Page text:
WP-MalWatch Released to Protect Your Blog From Hacking Varmints

by Jerod Morris on January 29, 2010

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To all the hackers out there who would use other people’s blogs for their own personal gain, I say shame on you. What a bunch of dirty, stinking, rotten, no-good varmints.

That’s right, varmints.

It’s not a word that you hear every day, but it is certainly applicable to any conversation about hackers. Here is the definition:

var-mint; n – 1) an irritating or obnoxious person; 2) any usually predatory wild animal considered undesirable

Sounds about right.

I have wasted a good bit of time over the last few months dealing with the constant headaches of a hacked site, so the concept of hackers is one that has me, well, pretty hacked off right about now.

But luckily, I come to you today with good news for all of us who proudly use WordPress as our blogging engine of choice, for we now have one more weapon in the constant fight against unwanted intrusion: WP-MalWatch.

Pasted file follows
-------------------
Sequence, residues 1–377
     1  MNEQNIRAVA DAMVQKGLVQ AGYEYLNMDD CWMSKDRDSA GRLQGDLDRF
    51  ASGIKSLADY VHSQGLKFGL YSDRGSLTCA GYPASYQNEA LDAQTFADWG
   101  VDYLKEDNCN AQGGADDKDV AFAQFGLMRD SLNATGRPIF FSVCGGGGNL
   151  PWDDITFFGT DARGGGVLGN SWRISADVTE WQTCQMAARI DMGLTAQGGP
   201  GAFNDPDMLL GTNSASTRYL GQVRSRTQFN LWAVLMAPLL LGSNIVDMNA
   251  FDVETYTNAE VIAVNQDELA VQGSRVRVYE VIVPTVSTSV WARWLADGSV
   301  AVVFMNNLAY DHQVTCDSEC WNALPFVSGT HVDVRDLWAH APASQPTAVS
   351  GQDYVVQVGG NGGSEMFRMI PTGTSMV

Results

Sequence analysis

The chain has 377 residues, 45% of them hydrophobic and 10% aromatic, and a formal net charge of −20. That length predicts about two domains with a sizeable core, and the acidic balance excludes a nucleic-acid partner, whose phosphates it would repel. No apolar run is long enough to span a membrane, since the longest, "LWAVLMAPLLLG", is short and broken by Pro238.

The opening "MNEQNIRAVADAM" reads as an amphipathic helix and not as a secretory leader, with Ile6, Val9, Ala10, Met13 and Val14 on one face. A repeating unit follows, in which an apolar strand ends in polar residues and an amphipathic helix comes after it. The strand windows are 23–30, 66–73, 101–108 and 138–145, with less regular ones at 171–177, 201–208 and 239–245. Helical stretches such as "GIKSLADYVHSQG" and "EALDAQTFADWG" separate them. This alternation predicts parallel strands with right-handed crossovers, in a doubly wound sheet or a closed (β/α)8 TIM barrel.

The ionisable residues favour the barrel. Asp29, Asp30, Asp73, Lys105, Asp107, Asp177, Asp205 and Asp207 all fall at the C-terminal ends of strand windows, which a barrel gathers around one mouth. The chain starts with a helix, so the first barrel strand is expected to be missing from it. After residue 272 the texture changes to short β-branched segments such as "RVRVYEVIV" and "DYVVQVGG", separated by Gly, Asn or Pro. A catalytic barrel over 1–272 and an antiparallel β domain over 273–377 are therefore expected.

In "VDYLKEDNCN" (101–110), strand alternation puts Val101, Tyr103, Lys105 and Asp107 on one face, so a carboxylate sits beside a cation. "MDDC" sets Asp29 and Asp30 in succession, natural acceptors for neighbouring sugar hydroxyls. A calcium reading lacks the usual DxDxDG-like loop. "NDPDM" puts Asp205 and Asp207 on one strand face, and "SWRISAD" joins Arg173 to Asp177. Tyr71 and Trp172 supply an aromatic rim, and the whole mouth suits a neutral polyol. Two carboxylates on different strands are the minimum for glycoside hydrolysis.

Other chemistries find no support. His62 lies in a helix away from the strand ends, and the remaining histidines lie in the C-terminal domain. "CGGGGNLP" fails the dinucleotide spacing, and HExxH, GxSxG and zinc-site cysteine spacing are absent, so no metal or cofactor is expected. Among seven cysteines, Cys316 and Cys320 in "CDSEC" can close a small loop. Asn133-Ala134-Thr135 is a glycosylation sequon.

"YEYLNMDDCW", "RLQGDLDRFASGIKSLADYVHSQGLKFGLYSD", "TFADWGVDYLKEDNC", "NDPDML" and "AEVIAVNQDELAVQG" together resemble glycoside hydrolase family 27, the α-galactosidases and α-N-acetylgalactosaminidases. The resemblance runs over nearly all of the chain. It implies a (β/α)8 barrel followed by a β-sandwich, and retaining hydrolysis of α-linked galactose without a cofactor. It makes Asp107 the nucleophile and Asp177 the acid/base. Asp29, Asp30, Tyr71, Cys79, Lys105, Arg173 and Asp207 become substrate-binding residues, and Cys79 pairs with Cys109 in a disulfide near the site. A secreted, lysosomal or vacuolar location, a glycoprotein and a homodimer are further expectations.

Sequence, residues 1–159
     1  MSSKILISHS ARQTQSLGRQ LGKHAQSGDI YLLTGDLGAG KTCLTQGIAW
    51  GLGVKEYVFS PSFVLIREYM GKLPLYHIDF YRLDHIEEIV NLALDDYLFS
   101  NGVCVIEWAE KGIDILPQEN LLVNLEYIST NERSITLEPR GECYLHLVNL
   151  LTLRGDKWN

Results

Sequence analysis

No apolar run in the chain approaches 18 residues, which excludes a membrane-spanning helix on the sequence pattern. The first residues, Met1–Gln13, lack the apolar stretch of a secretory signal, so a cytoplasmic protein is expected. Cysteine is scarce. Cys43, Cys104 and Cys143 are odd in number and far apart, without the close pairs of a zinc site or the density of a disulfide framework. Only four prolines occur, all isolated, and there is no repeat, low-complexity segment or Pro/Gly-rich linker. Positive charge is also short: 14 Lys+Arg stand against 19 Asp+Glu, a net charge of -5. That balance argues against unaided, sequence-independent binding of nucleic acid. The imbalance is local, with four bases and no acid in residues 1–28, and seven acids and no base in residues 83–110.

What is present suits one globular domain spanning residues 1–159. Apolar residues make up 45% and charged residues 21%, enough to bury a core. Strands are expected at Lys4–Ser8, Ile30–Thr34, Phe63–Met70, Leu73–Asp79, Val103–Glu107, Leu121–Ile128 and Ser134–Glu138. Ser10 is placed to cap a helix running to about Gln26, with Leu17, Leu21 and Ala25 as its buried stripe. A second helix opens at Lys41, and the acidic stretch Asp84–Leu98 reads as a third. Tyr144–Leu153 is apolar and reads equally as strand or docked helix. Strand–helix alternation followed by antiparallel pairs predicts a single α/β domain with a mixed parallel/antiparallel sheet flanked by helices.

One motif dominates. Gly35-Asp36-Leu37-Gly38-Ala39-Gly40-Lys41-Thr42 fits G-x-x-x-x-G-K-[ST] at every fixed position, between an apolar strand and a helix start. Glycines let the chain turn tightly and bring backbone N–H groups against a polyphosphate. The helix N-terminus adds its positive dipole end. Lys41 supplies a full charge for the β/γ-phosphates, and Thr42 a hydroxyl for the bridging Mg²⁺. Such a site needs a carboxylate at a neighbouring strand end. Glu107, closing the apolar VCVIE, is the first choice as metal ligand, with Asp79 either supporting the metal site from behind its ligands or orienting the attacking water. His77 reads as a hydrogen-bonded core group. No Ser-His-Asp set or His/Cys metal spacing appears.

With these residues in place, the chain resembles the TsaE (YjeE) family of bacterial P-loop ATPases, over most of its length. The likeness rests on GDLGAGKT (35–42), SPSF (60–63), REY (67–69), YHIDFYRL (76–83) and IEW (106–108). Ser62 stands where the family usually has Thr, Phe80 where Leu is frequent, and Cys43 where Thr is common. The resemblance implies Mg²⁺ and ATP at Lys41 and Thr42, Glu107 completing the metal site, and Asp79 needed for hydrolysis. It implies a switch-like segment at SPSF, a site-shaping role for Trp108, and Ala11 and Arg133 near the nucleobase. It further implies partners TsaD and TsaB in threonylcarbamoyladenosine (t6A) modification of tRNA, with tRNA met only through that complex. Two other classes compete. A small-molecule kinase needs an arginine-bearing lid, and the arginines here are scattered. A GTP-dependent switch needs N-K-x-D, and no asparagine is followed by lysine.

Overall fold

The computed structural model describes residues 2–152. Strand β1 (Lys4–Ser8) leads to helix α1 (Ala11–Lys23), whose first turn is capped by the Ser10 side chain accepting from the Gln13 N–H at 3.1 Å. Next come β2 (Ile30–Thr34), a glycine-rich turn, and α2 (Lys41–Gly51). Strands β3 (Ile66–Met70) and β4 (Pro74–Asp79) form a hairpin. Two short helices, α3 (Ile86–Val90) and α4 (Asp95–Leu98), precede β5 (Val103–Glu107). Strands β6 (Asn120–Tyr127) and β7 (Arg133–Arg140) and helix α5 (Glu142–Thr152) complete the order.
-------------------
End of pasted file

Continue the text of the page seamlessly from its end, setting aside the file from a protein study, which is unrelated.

WP-MalWatch 1.0.2
Downloaded 124 times

What is WP-MalWatch?

WP-MalWatch is a WordPress security plugin that, as a part of the Orangecast Social Media team, I am proud to have been involved in developing. It performs a very simple task that can save bloggers a lot of time while providing much needed peace of mind.

Why Was WP-MalWatch Developed?

When we realized that a plugin with this functionality was not just desirable, but necessary, we contracted developer Nick Ohrn to take WP-MalWatch from idea to execution.